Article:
B.C. proposes legislative changes to give Indigenous communities power over their own child welfare system


Changes coming to provincial laws will clear the way in which for Indigenous communities in B.C. to have jurisdiction over their own youngsters and household providers.

Cowichan Tribes Coun. Stephanie Atleo mentioned the amendments acknowledge the inherent proper of Indigenous nations to shield, look after and nurture member youngsters. 

“These changes symbolize a major step towards reconciliation by recognizing for the final 150 years, the legal guidelines and insurance policies relating to Indigenous youngsters and child welfare have had a extreme influence on Indigenous households, together with our Cowichan households,” mentioned Atleo. “Cowichan Tribes is in the most effective place to shield our kids by means of stabilizing and defending households.”

The modernized laws will assist the precise of Indigenous communities to re-establish, develop and train child-welfare legal guidelines and recreate their own fashions for delivering household assist, child safety and adoption providers.

“We’ve identified for much too lengthy that Indigenous youngsters, youth have been over represented within the child welfare system,” Mitzi Dean, the minister of kids and household improvement (MCFD) informed On The Coast host Gloria Macarenko.

On The Coast11:08MCFD minister outlines changes to Indigenous child and household welfare

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Dean mentioned the changes align with the Truth and Reconciliation Commission’s name to motion and can assist finish the epidemic of Indigenous youngsters and youth in care.

“The ministry will at all times be there to provide assist, however the nation will likely be exercising jurisdiction and offering the providers that they need to present in accordance to their tradition and their customs and their teachings.”

Union of B.C. Indian Chiefs Grand Chief Stewart Phillip mentioned the laws can’t be handed quickly sufficient.

“The colonial period of the Province controlling child welfare should come to an finish,” he mentioned. “It brings me unbelievable pleasure to take into consideration this alteration in my lifetime and for my grandchildren and great-grandchildren.”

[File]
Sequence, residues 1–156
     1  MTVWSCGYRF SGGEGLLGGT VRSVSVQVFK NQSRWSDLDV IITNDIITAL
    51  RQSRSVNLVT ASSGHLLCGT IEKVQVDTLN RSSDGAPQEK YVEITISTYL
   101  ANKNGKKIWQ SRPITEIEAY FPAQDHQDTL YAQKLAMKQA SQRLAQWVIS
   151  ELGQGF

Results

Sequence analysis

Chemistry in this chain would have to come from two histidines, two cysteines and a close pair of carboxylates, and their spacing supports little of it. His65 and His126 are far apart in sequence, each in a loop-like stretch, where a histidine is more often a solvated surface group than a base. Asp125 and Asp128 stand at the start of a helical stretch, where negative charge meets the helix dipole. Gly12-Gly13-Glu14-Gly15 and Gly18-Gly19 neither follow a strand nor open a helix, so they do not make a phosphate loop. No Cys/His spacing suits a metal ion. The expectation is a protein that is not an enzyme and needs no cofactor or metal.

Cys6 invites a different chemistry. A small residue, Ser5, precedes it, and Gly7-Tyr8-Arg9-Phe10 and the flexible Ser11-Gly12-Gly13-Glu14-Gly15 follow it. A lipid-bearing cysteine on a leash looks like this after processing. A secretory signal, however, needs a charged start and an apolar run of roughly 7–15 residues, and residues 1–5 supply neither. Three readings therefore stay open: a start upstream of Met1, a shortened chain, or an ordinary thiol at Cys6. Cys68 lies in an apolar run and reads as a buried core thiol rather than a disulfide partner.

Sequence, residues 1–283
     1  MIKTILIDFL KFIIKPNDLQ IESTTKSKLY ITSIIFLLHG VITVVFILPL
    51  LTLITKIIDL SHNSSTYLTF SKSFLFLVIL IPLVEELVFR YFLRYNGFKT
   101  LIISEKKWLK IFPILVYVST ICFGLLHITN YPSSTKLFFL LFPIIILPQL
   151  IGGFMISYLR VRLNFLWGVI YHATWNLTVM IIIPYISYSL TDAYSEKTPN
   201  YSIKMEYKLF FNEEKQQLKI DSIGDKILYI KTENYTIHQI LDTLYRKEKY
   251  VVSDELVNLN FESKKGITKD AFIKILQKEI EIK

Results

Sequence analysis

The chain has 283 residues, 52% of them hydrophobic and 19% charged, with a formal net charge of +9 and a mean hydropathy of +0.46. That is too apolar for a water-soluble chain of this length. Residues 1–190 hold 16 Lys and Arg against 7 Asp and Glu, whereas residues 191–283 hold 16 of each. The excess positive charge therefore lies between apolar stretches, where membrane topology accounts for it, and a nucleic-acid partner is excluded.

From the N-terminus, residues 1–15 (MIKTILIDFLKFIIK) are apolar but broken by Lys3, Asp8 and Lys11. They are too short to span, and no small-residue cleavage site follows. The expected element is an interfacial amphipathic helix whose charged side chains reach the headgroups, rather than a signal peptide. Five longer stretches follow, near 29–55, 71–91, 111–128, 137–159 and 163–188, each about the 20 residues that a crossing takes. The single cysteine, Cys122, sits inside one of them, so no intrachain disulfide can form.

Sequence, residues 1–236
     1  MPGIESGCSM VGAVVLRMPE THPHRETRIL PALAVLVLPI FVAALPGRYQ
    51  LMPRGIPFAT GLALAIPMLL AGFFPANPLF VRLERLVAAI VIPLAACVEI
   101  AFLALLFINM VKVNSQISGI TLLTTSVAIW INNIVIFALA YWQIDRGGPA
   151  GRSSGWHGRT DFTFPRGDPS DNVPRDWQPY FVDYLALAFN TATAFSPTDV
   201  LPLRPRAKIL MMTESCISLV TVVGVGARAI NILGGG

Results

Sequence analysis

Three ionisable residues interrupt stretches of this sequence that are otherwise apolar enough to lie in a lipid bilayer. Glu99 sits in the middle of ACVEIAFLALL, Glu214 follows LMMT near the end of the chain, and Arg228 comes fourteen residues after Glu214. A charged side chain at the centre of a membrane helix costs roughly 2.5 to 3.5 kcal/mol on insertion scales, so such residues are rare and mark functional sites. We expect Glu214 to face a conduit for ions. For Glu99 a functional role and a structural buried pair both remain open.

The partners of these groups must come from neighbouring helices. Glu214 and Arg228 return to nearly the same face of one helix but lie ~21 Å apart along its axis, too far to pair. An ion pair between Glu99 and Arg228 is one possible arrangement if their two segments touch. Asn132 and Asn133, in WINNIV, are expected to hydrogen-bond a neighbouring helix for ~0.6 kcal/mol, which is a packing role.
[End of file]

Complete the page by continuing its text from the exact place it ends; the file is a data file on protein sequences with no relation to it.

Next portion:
In 2021, a gaggle of of Gitxsan matriarchs, hereditary chiefs and group members blocked social employees from apprehending a six-year-old child.

At the time, Tracey Woods, the elected chief of the Gitanmaax Band described the state of affairs as “no totally different than the residential college or the Sixties Scoop, the place the MCFD is available in and removes the child from household and relocates them to unfamiliar territory.”

Dean says First Nations have been expressing these issues for a “very long time.”

Mary Teegee, chair of the Indigenous Child and Family Services Directors Forum and govt director of Child and Family Services at Carrier Sekani Family Services, mentioned they have been asking for these changes for 20 years.

“We know that the MCFD system has not labored for our kids or households,” she mentioned, including that many Indigenous youngsters within the child welfare system find yourself residing on the streets.

“We’re pleased that there was this motion. However, there’s nonetheless a whole lot of work to be achieved.”

Teegee mentioned the amendments want to be primarily based on substantive equality and self-determination. She described the introduction of the laws as “Phase 1.”

“I do not suppose that if it goes far sufficient to say that our Indigenous legal guidelines can be paramount and can be upheld for all of our residents no matter the place they reside,” she mentioned.

According to the province, B.C. is the primary province in Canada to expressly acknowledge the inherent proper of Indigenous communities to train jurisdiction over child and household providers.

On The Coast6:04Mary Teegee reacts to plans to replace B.C.’s child-welfare legal guidelines

Mary Teegee, chair of the Indigenous Child and Family Services Directors Forum, reacts to the B.C. authorities’s plans to replace provincial child-welfare legal guidelines, paving the way in which for Indigenous individuals to have jurisdiction over child and household providers.


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